• Growing pressure on land
  • Adverse effect on quality of population
  • Adverse social impact


Tribes of India

  • Officially recognized by the Indian government as “Scheduled Tribes” in the Fifth Schedule of the Constitution of India
  • Often grouped together with scheduled castes in the category “Scheduled Castes and Tribes”
  • Eligible for certain constitutional benefits & perks

 

The Constitution of India, Article 366 (25) defines Scheduled Tribes as “such tribes or tribal communities or part of or groups within such tribes or tribal communities as are deemed under Article 342 to the scheduled Tribes (STs) for the purposes of this Constitution”.

 

Tribe State
Jarawa, Onge, Sentinelese Andman
Shorn Pens, Holchu Nicobar
Palaeo Mongoloids Assam, Meghalaya, Mizoram, Nagaland, Manipur
Tibeto -Mongoloids Sikkim and Arunachal Pradesh
Mundas, Santhals, Oraons Chhotanagpur Plateau
Gonds, Kondhs Central Vindhyachal + Deccan Plateau
Gaddi, Kinner, Phangwal, Lahuli Himachal Pradesh
Jaunsari, Bhotia, Raji, Buxa, Tharu Uttarakhand, Uttar Pradesh
Anal, Chiru, Konkanas, Kollam Maharashtra
Mala and Savara tribes West Bengal
Bhuiya tribe Madhya Pradesh
Banjaras, Moghias and Sathiyas Rajasthan
Bhil + Maldhari (Gir lions) Gujrat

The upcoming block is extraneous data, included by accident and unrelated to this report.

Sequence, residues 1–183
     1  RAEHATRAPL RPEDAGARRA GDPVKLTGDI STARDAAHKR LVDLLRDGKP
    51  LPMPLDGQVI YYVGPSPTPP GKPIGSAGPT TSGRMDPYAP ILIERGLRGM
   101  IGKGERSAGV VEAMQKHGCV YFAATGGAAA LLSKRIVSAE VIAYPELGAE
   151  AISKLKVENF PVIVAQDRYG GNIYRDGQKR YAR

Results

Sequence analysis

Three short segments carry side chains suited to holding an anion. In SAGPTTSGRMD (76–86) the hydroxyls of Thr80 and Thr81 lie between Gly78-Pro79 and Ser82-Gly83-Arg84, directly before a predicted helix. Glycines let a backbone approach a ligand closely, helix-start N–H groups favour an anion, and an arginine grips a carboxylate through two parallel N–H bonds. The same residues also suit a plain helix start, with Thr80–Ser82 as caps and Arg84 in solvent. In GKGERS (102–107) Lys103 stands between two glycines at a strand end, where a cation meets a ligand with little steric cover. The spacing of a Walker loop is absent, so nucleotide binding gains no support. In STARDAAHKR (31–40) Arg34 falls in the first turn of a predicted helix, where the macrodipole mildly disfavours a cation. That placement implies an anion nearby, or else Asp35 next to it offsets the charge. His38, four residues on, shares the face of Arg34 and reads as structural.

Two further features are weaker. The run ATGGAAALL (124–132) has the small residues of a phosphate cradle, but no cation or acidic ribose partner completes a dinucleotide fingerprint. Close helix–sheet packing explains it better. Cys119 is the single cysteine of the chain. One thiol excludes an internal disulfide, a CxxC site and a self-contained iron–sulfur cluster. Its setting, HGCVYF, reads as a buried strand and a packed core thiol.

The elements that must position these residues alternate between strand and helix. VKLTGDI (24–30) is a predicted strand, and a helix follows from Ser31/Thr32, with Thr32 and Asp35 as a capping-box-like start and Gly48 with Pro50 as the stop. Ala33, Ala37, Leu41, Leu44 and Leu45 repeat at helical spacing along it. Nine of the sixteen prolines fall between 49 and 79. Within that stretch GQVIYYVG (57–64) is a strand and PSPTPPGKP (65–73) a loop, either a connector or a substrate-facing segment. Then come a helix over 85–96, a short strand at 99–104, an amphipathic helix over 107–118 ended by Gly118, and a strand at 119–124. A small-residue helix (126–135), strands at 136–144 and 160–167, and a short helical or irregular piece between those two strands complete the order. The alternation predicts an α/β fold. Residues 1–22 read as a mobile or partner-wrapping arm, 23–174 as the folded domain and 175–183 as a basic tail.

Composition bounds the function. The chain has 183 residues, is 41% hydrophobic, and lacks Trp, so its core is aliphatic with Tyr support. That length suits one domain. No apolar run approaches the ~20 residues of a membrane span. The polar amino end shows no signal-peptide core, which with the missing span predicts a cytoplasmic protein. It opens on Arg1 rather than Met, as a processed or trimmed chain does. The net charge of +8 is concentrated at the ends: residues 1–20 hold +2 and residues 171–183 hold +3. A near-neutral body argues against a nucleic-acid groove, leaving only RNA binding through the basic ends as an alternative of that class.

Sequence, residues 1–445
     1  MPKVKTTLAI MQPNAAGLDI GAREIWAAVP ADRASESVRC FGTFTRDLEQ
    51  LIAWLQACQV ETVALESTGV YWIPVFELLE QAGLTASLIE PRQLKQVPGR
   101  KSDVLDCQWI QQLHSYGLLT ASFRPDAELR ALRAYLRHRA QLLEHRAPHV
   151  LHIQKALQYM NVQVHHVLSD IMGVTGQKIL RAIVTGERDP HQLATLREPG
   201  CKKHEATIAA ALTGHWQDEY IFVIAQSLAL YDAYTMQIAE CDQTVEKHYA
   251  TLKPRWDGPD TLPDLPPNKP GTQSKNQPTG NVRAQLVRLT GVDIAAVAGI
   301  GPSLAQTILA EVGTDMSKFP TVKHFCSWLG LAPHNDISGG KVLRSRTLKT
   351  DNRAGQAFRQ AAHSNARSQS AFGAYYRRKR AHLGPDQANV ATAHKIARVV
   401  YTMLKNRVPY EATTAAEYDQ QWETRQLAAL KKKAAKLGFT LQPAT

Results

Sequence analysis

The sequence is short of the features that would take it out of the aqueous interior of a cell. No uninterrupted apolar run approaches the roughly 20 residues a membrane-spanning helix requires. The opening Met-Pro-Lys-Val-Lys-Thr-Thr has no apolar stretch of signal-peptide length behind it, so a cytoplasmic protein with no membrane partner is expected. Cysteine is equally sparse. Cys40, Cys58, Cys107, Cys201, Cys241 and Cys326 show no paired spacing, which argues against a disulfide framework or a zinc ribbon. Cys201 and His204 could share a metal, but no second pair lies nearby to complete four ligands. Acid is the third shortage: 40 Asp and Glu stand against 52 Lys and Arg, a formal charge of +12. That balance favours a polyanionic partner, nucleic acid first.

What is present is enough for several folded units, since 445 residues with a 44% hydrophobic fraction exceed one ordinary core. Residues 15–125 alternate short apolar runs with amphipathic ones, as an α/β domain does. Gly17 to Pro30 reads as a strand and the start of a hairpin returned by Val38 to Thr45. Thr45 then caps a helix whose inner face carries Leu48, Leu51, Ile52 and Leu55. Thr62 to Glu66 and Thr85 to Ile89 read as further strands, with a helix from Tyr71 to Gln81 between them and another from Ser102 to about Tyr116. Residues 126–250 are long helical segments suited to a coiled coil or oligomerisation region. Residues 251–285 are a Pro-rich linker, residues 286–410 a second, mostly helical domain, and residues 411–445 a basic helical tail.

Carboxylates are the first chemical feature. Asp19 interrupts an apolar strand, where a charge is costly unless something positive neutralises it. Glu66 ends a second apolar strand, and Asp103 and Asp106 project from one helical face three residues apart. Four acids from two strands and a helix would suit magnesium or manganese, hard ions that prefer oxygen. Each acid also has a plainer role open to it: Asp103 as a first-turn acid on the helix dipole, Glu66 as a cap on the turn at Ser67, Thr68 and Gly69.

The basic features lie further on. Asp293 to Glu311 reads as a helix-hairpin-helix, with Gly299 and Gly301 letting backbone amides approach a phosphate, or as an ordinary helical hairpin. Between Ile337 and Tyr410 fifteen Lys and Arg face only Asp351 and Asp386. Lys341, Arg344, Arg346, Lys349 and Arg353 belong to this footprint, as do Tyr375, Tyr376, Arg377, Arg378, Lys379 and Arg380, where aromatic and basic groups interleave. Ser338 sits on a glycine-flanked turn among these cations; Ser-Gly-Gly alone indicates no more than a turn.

Oraon,  Munda, Chero, Parchaiya, Santhal, Asuras Bihar
Bhuiya, Baiga, Dharua, Gaaro, Ho, Koli, Lodha Orissa
Bakarwal J & K
Oorali, Sholagar, Irular and Badaga Tamil Nadu
Hakki-Pikki, Korgas,  Kurubas, Soliga Karnataka
Kadars, Irulars , Paniyans,  Korgas, ooralis Kerala

 

Common Features of Tribes 

Geographical isolation live in cloistered, exclusive, remote and inhospitable areas such as hills & forests
Backwardness livelihood based on primitive agriculture with low level of technology leading to povertyAre generally illiterate & unaware of world’s progress
Shyness of contact Have a marginal degree of contact with other cultures and people
Have distinctive culture, language and religion

 

Problems of Tribal People 

  • Poverty
  • Illiteracy
  • Unemployment
  • Dependence on forests
  • Excessive discrimination
  • Problem of land Alienation
  • Indebtedness
  • Bonded labour
  • Malnutrition & other health related problems

 

Now a days, Large development projects undertaken by the government also encroaches upon their land. Large scale displacements and unsatisfactory compensation and rehabilitation are common place, leading to further backwardness and seclusion. Because of their diversity they lack a common voice to bargain collectively